Editor: Bernardo González
Comparative genomics and functional analysis of niche-specific adaptation in Pseudomonas putida
Version of Record online: 2 AUG 2010
Journal compilation © 2010 Federation of European Microbiological Societies. Published by Blackwell Publishing Ltd. No claim to original US government works
FEMS Microbiology Reviews
Volume 35, Issue 2, pages 299–323, March 2011
How to Cite
Wu, X., Monchy, S., Taghavi, S., Zhu, W., Ramos, J. and van der Lelie, D. (2011), Comparative genomics and functional analysis of niche-specific adaptation in Pseudomonas putida. FEMS Microbiology Reviews, 35: 299–323. doi: 10.1111/j.1574-6976.2010.00249.x
- Issue online: 1 FEB 2011
- Version of Record online: 2 AUG 2010
- Accepted manuscript online: 2 AUG 2010 12:00AM EST
- Received 27 February 2010; revised 7 July 2010; accepted 19 July 2010., Final version published online 26 August 2010.
- Pseudomonas putida;
- comparative genomics;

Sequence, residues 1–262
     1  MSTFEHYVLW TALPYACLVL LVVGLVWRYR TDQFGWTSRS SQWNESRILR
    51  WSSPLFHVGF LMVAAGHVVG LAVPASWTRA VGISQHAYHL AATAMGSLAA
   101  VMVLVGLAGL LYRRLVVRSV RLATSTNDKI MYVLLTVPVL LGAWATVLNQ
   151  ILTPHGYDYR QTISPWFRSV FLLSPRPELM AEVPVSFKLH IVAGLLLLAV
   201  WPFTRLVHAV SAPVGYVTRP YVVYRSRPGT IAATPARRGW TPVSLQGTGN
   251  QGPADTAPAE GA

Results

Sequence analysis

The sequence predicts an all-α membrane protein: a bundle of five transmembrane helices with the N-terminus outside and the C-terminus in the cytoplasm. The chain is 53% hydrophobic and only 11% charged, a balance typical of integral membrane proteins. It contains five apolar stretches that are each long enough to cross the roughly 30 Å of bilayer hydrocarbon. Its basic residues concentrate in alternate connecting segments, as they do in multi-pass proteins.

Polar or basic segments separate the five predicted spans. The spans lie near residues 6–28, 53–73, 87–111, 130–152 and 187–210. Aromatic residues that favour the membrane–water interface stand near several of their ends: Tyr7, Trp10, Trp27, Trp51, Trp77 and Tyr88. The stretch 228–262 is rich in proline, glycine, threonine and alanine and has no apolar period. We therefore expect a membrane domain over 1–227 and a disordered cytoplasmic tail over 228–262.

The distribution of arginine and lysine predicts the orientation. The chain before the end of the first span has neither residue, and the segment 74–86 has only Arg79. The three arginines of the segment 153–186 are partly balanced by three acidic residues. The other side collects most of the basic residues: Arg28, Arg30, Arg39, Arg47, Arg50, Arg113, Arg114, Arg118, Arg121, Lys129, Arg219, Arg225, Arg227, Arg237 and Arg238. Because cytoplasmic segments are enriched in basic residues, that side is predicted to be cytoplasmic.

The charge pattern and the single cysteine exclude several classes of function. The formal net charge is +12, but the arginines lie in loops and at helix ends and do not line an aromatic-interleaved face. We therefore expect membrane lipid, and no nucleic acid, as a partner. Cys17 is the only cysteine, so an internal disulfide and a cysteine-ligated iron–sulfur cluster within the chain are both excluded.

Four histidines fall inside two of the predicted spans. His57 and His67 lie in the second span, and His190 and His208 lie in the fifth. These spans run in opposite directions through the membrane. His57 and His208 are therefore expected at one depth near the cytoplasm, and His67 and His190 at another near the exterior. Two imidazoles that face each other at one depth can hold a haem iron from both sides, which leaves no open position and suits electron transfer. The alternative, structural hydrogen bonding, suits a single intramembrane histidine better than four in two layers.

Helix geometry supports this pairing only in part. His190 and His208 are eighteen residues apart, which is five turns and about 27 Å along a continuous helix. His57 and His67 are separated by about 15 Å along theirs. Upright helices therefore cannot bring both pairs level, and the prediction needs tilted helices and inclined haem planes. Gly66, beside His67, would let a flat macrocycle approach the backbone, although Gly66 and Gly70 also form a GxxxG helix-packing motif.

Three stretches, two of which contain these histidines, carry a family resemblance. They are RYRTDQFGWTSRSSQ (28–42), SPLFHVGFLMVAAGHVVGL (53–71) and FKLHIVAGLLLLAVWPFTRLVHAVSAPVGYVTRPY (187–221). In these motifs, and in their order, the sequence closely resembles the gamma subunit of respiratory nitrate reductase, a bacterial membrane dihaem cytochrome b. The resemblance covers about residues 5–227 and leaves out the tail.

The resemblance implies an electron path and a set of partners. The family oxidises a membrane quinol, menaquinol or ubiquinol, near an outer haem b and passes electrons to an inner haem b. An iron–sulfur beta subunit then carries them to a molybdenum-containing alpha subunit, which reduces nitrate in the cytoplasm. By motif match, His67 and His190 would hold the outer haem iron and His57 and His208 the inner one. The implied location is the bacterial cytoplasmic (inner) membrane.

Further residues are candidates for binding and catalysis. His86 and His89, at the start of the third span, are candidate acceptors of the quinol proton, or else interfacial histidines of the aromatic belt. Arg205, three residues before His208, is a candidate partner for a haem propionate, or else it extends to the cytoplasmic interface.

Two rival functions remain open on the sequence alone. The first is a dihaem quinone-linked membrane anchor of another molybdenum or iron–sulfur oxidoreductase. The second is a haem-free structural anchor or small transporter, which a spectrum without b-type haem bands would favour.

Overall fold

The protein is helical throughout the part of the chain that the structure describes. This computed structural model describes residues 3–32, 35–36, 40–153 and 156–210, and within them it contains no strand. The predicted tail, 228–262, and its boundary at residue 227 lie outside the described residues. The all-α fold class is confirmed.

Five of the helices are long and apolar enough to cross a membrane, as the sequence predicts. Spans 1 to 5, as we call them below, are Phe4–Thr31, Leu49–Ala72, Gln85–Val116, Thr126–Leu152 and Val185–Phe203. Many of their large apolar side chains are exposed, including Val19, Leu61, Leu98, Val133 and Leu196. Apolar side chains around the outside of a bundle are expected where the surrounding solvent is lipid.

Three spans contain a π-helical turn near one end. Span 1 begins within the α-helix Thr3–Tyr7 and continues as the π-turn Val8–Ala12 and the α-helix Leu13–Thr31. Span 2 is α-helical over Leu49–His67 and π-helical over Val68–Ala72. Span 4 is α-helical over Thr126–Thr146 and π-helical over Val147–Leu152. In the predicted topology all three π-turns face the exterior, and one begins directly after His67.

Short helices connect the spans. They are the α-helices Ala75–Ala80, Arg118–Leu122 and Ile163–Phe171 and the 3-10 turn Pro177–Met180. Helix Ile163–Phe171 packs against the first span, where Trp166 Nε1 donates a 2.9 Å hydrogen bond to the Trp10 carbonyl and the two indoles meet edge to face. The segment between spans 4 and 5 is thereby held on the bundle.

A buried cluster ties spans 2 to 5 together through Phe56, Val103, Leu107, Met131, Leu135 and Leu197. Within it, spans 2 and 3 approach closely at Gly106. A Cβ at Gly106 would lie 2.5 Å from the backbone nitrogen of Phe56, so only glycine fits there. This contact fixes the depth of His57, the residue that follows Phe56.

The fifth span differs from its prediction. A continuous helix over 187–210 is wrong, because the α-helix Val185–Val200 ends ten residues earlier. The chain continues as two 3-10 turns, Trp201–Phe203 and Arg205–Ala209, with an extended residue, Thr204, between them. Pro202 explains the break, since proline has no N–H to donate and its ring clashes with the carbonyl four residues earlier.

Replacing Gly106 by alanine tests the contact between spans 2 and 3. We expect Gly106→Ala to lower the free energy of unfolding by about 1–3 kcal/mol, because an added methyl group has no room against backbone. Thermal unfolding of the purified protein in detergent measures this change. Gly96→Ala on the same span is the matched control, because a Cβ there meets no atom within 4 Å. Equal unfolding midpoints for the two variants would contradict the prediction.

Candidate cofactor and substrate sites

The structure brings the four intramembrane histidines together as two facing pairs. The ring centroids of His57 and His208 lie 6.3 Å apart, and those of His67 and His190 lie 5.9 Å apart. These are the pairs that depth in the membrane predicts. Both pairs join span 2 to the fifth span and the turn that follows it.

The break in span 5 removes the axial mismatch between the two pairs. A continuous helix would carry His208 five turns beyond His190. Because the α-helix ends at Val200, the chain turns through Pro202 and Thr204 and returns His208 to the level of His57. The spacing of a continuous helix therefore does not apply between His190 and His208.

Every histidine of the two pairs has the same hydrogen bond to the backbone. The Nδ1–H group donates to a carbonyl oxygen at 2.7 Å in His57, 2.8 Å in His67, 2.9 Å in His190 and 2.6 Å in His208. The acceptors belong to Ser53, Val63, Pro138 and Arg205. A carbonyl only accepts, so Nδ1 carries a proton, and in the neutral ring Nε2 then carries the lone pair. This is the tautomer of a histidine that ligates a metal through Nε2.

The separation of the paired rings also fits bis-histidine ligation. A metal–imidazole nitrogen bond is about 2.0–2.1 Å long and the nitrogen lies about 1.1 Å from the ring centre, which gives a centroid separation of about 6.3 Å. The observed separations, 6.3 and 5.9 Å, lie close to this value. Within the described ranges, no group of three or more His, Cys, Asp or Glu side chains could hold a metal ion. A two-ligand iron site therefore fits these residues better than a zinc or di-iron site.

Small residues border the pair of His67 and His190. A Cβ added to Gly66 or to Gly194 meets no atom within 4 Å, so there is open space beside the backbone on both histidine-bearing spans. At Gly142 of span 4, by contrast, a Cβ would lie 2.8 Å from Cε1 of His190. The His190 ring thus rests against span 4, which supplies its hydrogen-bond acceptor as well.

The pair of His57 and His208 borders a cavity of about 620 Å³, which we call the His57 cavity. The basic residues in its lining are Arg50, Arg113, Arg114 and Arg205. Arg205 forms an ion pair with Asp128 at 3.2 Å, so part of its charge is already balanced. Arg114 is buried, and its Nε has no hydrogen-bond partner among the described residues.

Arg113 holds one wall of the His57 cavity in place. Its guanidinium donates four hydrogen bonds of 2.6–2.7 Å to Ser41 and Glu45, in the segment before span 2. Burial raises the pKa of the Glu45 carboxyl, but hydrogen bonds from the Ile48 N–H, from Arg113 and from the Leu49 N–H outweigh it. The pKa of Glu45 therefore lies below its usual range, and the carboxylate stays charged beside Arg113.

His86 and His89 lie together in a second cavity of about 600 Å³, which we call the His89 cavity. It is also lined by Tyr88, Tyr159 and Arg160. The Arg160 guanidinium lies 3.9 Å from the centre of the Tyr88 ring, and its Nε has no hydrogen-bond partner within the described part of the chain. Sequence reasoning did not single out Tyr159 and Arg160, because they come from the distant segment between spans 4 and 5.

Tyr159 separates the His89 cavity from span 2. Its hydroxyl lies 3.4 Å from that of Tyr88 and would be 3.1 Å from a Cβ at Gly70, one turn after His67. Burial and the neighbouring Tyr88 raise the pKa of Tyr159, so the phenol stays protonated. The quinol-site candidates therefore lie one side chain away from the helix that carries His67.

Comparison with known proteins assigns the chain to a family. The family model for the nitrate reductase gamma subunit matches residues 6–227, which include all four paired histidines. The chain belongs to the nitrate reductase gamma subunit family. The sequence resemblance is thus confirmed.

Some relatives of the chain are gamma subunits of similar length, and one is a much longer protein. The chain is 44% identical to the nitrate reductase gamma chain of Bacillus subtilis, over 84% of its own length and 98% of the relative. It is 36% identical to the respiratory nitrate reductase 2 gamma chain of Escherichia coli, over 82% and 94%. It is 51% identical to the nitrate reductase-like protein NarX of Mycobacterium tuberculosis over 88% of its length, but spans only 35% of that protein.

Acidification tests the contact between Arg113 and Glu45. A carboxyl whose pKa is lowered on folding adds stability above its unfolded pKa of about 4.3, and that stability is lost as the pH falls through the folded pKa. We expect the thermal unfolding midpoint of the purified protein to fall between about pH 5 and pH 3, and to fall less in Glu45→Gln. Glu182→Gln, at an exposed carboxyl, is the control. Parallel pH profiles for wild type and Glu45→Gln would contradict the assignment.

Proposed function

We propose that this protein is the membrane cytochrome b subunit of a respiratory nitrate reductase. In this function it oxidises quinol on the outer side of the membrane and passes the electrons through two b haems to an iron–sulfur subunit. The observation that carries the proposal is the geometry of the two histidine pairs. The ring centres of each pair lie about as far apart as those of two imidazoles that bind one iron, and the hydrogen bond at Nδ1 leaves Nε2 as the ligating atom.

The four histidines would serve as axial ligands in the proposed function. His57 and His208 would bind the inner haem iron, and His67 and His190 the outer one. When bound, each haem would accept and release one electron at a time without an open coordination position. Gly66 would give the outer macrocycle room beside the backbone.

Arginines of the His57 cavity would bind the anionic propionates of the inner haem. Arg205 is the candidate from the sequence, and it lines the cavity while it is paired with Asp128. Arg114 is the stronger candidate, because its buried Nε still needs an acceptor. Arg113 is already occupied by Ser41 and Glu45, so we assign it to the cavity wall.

Pseudomonas putida is a gram-negative rod-shaped gammaproteobacterium that is found throughout various environments. Members of the species P. putida show a diverse spectrum of metabolic activities, which is indicative of their adaptation to various niches, which includes the ability to live in soils and sediments contaminated with high concentrations of heavy metals and organic contaminants. Pseudomonas putida strains are also found as plant growth-promoting rhizospheric and endophytic bacteria. The genome sequences of several P. putida species have become available and provide a unique tool to study the specific niche adaptation of the various P. putida strains. In this review, we compare the genomes of four P. putida strains: the rhizospheric strain KT2440, the endophytic strain W619, the aromatic hydrocarbon-degrading strain F1 and the manganese-oxidizing strain GB-1. Comparative genomics provided a powerful tool to gain new insights into the adaptation of P. putida to specific lifestyles and environmental niches, and clearly demonstrated that horizontal gene transfer played a key role in this adaptation process, as many of the niche-specific functions were found to be encoded on clearly defined genomic islands.